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Purple Power

My new pup Chloe

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2 hours ago, Purple Power said:

Chloe has graduated from basic training today. She starts her next class on the 22nd

 

 

4  1 2019 Chloe  grad basic 1.jpg

What a good girl. 

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Each class is a 6-week course. Petsmart teaches positive-reinforcement training meaning praise for an action completed and no praise for an action left incomplete. I went with Petsmart because of this with Copper's past in mind. I found a great instructor, and have the same one for Chloe. Chloe loves her. It's one of the very few times, she'll pull on a leash. She'll be wiggling and will be goofy....and of course ask for belly rub ( may turn that into a command for her).  When I give a command like sit, and if Chloe doesn't do sit, I look away. Once she'll sits, I tell her she a good girl usually with pets or scratches or thank you. If she's being stubborn, I'll turn around and won't look at her until is does what she was told to do. If she lays down instead of sit, I tell her wrong one and look away. She'll think about for a few sec then sit.  With the basic class, I've been working with her by herself. Copper is very distracting to Chloe during her training sessions. Copper's brain on his shoulders has checked out since getting Chloe. The only time he remember his training is when they are separated otherwise he's trying to get her to play or jump on her. With these 2 classes, I'll probably start having them together when training. It'll be good for both.  Part of the reason of getting Chloe was to help heal Copper mentally.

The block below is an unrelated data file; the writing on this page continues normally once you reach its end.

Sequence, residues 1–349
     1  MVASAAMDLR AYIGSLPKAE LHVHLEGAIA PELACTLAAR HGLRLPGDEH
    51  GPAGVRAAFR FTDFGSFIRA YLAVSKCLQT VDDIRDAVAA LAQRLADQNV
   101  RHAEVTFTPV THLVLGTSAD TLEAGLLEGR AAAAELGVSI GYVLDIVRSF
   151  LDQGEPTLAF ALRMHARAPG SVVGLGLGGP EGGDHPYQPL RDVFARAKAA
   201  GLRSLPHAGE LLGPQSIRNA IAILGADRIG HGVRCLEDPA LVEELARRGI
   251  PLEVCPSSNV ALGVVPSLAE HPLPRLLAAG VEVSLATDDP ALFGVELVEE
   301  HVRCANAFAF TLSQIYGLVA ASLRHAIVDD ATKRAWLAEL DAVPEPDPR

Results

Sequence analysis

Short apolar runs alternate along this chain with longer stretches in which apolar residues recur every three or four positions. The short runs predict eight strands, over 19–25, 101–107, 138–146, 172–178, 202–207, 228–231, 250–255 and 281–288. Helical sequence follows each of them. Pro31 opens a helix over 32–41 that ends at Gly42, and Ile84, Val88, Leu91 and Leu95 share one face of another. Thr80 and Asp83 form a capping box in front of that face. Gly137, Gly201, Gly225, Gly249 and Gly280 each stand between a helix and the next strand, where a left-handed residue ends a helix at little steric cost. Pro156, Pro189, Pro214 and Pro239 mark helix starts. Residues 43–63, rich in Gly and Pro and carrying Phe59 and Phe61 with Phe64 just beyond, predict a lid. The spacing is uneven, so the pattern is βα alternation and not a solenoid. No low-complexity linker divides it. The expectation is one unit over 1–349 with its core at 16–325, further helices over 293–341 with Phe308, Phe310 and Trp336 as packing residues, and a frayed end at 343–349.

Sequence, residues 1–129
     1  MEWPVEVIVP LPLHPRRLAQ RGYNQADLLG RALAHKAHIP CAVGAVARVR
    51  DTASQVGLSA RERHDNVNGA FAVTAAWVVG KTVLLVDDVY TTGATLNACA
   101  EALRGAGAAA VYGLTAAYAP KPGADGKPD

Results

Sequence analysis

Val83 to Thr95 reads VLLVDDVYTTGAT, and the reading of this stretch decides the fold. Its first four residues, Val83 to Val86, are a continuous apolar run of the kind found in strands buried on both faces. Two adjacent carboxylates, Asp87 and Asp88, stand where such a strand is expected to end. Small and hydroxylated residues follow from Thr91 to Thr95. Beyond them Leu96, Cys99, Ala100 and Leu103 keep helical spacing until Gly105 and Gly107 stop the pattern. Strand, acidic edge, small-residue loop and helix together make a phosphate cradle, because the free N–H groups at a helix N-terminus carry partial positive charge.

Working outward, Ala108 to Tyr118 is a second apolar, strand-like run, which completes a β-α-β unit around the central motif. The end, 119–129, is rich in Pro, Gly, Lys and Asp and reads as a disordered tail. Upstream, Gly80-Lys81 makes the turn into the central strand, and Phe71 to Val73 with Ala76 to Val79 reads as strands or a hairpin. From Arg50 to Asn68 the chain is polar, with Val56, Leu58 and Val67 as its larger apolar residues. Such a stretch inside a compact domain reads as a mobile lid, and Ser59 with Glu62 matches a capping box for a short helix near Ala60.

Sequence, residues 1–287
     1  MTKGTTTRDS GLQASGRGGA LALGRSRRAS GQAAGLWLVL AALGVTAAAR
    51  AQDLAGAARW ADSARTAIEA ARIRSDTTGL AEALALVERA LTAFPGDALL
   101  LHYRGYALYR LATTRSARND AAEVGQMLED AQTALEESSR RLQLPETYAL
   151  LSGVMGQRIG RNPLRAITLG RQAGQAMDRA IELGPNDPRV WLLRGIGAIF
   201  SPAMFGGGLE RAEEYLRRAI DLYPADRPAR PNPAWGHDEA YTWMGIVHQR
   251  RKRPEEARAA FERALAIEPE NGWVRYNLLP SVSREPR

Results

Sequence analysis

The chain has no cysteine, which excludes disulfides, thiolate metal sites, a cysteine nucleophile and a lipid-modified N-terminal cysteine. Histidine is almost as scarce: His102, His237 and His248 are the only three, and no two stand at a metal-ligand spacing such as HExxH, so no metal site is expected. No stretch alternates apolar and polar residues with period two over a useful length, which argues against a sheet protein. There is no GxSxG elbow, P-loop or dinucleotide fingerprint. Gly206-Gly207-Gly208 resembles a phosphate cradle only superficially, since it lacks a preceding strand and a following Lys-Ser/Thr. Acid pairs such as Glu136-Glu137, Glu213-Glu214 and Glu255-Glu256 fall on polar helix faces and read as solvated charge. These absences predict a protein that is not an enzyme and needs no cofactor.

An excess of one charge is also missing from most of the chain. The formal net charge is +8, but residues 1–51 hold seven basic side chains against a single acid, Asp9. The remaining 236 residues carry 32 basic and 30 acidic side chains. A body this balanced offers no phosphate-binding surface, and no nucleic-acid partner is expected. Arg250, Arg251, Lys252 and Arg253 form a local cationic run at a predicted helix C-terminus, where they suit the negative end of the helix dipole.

Intermediate is ideal for dogs who have completed a Puppy or Beginner class such as sit, wait, come, but need to practice those behaviors with added distractions. I started Chloe's training in the quiet house. My cat/kittens were locked up in a room (under much protest) and Copper in is crate. Once she was understanding what I wanted with each command, I started her training in the backyard. My hens were behind a fence. 1st behind 2 fence lines, now behind one. My hens are currently prepping my biggest raised garden bed. Beside how distracting chickens can be, Chloe must be use to them for her job of being their guardian.  In the house the cat/kittens weren't restricted to a room. The little dog across the street barks at everything, at first Chloe was focused on it and pointing. Now when I take her out, that little dog is barking up a storm and Chloe may look at it for a little bit, but goes back to her business. The Intermediate course helps dogs reinforce behaviors/commands learned in basic, but simulates distractions so you are able to achieve the same results no matter the situation.  This course helps dogs who already know basic cues achieve the same results in situations that add more distance, duration and distractions to previously learned cues.

 

some cues taught:

 

Maintaining “Sit” and "wait" during Distance, Duration, and Distraction

Loose Leash Walking Overall

Heel- Right Turn “Heel” and Left Hand “Heel”

Stay- Stay and Wait are different. Wait is I don't care if you stand, lay, or sit, just wait there. Stay is if tell her to sit, I expect her to sit there and not move until I release her.

Easy

Go to Bed

Stand

“Place” or “Settle” with Distance, Duration, and Distraction.  The command “place” or “settle” and designating a no-slide mat for her to report to and stay until I relieve her.

 

With the basic, my train instructor would ask us if we had any problems. If we did, she'd tell us why it was wasn't working (example over loading a command, other basic house manners, boarding issues, house-training, you name it. ) and tell us what to do.


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Classy, sassy, and a bit of a smart assy

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Oh wow, thanks for telling me all that. She has learned a lot. The right turn and left-hand heel. Are things I'd never heard of. I also never heard about the settle command. Versus just stop it.
That loose leash command also will come in handy. I think once you get through the second class, she'll be ready to work around chickens? What do you think?